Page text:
After moving into a 1906 Queen Victoria House, Lynne, who had always had a fascination with ceramics, decided to redecorate her bathroom using ceramic tiles decorated with a black character.

“Every time I would make the tile with Ella B.’s image, my friends would take her,” explained Lynne, who is self-publishing the book series.  “Then, I tried mugs, dishes and some other things and she just took off. I would sell them during the holiday seasons and Ella B. Jenkins quickly became a hit.”

During Ella’s design process, Lynne’s image of what she should look like was well thought out. She not only wanted her character to be the color of chocolate, she wanted her to proudly wear afro puffs.

“When I see African American children walking home with Dora (The Explorer), Barbie or Hannah Montana, it really gets to me because none of those characters look like them,” said Lynne. “The hair thing is huge for me. I can’t stand little African American girls thinking they have to have their hair permed or get weaves and extensions. They should feel good about who they are.  Ella B. Jenkins is proud of who she is. Our children have to have something that’s their own.”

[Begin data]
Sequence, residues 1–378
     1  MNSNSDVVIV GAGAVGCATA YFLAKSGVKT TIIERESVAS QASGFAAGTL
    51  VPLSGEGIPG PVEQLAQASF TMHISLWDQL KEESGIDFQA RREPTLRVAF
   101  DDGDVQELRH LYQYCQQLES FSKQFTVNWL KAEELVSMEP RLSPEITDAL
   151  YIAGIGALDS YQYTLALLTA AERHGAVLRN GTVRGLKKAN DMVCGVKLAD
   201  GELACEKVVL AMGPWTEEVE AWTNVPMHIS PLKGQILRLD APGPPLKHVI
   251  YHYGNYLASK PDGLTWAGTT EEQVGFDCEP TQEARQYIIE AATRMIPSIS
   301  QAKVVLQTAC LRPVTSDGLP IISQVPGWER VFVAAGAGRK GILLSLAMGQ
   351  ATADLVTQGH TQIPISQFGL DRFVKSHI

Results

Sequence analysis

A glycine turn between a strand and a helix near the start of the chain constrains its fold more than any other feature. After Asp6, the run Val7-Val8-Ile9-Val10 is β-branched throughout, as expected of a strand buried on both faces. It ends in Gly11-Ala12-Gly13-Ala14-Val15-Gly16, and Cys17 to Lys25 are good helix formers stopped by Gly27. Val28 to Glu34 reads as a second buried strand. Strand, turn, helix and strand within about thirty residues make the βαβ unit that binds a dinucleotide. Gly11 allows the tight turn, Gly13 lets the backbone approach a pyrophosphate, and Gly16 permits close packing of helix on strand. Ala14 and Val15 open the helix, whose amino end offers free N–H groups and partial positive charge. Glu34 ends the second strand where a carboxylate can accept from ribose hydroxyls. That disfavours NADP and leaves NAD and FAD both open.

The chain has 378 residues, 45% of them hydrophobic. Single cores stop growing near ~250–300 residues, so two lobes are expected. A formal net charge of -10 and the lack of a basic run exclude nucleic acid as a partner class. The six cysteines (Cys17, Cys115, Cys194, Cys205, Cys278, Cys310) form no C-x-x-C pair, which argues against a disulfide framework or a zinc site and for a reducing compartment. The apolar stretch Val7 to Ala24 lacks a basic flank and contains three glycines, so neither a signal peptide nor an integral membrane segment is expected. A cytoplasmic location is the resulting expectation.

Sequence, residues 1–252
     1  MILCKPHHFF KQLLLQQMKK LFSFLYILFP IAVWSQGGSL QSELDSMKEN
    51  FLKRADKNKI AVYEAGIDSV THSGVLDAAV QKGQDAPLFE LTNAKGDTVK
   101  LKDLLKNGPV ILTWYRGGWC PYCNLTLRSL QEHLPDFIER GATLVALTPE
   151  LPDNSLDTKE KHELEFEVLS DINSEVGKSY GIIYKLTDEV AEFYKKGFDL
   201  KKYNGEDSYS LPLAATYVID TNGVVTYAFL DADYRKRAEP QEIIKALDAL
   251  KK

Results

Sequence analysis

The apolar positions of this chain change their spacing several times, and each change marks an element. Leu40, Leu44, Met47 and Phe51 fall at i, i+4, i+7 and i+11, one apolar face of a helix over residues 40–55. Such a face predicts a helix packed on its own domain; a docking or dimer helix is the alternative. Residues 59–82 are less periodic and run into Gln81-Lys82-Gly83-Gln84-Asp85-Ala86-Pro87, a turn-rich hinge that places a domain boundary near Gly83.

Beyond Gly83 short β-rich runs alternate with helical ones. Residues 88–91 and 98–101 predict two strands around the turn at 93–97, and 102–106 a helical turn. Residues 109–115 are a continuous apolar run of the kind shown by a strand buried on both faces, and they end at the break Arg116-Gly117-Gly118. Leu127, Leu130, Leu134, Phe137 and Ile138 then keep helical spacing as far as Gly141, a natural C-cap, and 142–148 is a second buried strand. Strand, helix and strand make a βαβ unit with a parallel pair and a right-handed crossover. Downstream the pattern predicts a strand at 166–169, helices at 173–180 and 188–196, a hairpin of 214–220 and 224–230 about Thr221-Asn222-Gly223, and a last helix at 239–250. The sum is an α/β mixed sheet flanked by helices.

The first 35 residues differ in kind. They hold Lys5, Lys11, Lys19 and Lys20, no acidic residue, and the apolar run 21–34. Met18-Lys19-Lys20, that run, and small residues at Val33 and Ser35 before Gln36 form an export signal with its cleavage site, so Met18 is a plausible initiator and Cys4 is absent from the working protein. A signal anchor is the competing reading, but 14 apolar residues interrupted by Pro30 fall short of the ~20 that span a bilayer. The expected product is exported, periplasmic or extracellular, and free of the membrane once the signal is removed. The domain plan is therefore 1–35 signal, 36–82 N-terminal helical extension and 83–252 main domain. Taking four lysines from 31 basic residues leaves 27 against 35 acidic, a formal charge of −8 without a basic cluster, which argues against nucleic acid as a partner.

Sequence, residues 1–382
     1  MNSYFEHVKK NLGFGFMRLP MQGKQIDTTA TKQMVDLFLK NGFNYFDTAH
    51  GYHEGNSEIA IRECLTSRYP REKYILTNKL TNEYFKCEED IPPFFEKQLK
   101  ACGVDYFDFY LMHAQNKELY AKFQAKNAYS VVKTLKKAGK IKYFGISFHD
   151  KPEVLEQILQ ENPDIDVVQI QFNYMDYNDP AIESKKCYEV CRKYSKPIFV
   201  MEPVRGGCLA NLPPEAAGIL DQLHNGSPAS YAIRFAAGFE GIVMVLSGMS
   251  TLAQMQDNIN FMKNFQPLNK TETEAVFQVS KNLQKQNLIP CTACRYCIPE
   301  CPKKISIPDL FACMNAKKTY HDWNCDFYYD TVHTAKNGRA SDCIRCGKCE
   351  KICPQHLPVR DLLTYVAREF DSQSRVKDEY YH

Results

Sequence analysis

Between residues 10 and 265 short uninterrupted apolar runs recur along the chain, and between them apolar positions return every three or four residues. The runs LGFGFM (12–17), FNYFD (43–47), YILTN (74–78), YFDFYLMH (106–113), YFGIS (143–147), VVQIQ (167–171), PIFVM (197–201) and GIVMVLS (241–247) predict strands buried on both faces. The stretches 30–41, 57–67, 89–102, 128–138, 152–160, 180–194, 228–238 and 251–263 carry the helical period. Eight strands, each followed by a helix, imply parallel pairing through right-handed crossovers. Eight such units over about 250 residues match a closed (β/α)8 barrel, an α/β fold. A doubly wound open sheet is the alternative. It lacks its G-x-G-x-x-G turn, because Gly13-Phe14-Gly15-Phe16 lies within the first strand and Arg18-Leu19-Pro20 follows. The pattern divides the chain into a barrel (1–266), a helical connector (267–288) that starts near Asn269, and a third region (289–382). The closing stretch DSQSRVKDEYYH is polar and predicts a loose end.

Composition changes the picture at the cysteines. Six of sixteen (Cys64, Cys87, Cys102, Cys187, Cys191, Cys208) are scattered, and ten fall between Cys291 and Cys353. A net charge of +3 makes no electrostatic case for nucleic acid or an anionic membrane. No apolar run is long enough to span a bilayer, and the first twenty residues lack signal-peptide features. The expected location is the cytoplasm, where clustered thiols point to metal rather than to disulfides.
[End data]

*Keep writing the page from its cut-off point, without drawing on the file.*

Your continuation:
Ella B. Jenkins’ edict is not only to be an energetic and encouraging example, but to also present teachable lessons delivered through a subtle educational component. At the back of each one of the Ella B. Jenkins five-volume series, there are questions for children to answer pertaining to the story they just read.
“Teachers and children alike enjoy the questions,” said Lynne. “It gives them an opportunity to reinforce everything they just read.”

“The book is truly a gem,” said Christine Da Silva, a second grade teacher in the Antioch Unified School District. “My students as well as my own daughters thoroughly enjoyed the story and the vivid illustrations. As a teacher, I love how the story tied into our social studies curriculum. It was also a great segue into letter writing, which is a second grade standard. My class loved reading about a little girl winning a contest and actually getting to meet the president. It was a great way to launch into many classroom discussions. We can’t wait for the next book in the series.”

“I’m excited about presenting Ella B. Jenkins to the world,” said Lynne.  “I love her. This is my passion. She’s taking on a life of her own.  I just think Ella B. Jenkins is necessary.”


Eve Lynne is agoraphobic, an anxiety disorder she says is “a very misunderstood condition” that results in a fear of crowds and of the outdoors.  “Agoraphobia is not a choice we make, or a condition that you can blink an eye and its over,” explains Lynne, who added Ella B. Jenkins was partly born out of a need for her to make a living within her home. “In the African American community, we don’t want to talk about it or deal with it.  People think that agoraphobia is a choice and that you only need to take a pill, or pray, or close your eyes and get in a car or plane and you’ll be fine. Not! This is a disease just like any other.”

Darlene Donloe         
Donloe Communications
[email protected]